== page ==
Two news items are adding to doubts over whether stablecoins—a digital currency supposedly tied to a hard asset such as the U.S. dollar—can live up to their name.
Tether, the Hong Kong-based company that manages tether, the biggest of these cryptocurrencies by market cap, gave more details on just how much of its holdings are tied to commercial paper rather than greenbacks. And crypto exchange Coinbase has removed a statement on its website indicating that each USD Coin is backed by $1 “in a bank account,” instead saying that they’re pegged to “one dollar or asset with equivalent fair value,” according to Bloomberg.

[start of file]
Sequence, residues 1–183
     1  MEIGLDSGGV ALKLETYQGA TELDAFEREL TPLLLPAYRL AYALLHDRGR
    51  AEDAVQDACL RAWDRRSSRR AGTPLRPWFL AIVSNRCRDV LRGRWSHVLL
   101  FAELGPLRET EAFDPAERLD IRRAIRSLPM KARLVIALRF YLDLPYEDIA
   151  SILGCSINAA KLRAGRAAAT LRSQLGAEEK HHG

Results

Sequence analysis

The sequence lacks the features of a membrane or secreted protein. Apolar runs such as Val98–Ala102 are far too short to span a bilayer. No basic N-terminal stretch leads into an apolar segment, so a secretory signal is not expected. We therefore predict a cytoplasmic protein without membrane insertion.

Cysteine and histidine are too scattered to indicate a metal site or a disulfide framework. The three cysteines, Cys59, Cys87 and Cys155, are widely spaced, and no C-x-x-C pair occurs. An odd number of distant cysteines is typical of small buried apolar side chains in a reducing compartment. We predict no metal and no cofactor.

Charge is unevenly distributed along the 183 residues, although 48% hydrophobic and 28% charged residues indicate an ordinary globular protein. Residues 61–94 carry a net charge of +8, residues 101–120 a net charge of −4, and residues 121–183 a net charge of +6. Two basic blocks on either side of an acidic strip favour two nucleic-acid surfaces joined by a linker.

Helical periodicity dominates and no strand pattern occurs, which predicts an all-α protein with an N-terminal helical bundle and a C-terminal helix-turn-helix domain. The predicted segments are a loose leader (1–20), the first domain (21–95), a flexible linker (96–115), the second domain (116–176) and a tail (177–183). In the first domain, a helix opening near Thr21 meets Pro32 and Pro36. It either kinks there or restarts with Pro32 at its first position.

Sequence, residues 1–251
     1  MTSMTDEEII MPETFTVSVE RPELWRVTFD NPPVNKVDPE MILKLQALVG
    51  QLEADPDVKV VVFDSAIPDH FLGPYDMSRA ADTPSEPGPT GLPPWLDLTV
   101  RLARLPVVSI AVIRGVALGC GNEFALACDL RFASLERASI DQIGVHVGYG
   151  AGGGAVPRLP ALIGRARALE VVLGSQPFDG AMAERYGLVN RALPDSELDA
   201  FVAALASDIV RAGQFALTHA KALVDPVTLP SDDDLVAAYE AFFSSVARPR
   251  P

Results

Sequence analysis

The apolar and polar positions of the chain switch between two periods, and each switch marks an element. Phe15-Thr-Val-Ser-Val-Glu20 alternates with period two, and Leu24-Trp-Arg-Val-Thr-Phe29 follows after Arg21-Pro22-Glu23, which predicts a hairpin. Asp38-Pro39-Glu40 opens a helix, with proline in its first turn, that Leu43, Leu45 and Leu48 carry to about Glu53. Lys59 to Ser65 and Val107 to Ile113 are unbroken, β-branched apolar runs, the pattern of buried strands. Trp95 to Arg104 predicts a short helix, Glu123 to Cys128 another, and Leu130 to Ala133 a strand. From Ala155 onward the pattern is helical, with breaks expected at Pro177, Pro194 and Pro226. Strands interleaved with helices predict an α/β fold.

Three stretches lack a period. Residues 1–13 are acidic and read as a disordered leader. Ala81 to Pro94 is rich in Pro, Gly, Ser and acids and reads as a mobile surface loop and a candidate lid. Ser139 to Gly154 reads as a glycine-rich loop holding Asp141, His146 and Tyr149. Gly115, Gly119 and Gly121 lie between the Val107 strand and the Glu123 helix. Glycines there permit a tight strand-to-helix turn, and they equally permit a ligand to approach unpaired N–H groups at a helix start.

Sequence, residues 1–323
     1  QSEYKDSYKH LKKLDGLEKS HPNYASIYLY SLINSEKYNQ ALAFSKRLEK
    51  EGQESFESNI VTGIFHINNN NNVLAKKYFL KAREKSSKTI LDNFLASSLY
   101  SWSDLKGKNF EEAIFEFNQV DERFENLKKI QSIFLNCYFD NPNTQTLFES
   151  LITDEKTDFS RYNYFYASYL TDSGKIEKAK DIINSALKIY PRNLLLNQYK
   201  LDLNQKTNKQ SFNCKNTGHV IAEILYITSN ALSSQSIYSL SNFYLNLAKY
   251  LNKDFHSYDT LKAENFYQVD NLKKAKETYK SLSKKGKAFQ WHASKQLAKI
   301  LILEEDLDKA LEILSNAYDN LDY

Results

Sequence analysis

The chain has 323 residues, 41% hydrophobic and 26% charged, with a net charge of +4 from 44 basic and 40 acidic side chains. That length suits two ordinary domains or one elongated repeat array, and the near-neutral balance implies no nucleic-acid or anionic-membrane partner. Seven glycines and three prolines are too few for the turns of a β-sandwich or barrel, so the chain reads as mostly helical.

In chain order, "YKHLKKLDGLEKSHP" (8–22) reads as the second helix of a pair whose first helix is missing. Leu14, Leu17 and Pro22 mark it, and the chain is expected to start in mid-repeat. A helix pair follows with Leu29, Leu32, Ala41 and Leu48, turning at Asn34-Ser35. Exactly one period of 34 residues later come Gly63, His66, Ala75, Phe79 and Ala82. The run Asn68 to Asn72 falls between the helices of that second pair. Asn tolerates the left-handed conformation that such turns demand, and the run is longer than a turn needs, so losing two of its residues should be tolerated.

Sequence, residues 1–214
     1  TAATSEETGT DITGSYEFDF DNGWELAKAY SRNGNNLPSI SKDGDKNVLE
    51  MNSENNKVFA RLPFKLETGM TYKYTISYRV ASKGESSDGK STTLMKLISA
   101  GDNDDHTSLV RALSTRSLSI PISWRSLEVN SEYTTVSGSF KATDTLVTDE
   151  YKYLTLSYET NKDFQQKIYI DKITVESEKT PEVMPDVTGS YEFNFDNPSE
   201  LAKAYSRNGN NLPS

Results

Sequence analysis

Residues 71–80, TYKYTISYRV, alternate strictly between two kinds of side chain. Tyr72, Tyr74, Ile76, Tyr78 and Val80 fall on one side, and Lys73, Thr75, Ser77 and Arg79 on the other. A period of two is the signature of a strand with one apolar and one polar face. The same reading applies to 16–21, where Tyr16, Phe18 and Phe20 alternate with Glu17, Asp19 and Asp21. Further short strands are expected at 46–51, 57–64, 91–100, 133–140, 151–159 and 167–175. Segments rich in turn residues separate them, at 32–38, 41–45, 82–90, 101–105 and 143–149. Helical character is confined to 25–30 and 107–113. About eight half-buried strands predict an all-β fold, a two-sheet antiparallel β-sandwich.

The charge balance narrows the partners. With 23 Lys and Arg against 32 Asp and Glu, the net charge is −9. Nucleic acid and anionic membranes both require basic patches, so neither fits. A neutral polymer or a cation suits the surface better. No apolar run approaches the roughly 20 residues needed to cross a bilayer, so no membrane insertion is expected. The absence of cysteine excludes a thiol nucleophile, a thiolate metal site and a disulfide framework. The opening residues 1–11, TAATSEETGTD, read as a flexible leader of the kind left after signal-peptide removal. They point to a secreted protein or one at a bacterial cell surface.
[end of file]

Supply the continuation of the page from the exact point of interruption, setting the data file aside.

Both pieces of information further sully stablecoins’ reputation. Stablecoins were supposed to remove some of the volatility of other cryptocurrencies because each unit was tied to a hard asset like dollars. But in recent months, more reports have emerged that the most widely held stablecoins are actually backed by dollar-based debt—or even, in some cases, other cryptocurrencies.